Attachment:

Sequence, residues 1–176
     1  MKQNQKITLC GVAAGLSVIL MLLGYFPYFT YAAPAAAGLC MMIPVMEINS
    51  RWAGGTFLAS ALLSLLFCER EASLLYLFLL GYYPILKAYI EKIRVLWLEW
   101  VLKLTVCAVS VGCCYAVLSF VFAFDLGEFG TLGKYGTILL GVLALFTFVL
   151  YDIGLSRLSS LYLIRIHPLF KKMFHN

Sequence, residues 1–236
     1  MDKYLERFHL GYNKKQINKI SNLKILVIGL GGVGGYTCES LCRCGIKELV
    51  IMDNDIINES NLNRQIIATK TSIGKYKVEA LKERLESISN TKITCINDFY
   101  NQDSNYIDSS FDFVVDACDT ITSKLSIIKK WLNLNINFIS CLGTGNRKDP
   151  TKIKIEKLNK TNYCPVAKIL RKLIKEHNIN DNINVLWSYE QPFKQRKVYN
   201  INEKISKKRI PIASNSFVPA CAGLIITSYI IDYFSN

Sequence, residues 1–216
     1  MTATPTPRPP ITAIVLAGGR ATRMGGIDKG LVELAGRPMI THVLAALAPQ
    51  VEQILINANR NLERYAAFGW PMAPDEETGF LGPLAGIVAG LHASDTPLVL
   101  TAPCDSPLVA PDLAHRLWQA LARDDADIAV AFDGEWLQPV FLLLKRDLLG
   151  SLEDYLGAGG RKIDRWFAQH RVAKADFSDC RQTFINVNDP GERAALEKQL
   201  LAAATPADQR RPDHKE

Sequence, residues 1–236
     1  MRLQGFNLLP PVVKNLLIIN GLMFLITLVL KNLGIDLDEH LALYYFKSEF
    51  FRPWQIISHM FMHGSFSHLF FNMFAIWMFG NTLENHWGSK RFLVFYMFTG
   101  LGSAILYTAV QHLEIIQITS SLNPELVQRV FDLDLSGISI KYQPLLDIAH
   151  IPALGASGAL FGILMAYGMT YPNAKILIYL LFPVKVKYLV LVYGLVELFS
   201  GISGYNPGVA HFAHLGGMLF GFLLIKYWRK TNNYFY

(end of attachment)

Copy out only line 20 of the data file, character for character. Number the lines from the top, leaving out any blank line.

    51  FRPWQIISHM FMHGSFSHLF FNMFAIWMFG NTLENHWGSK RFLVFYMFTG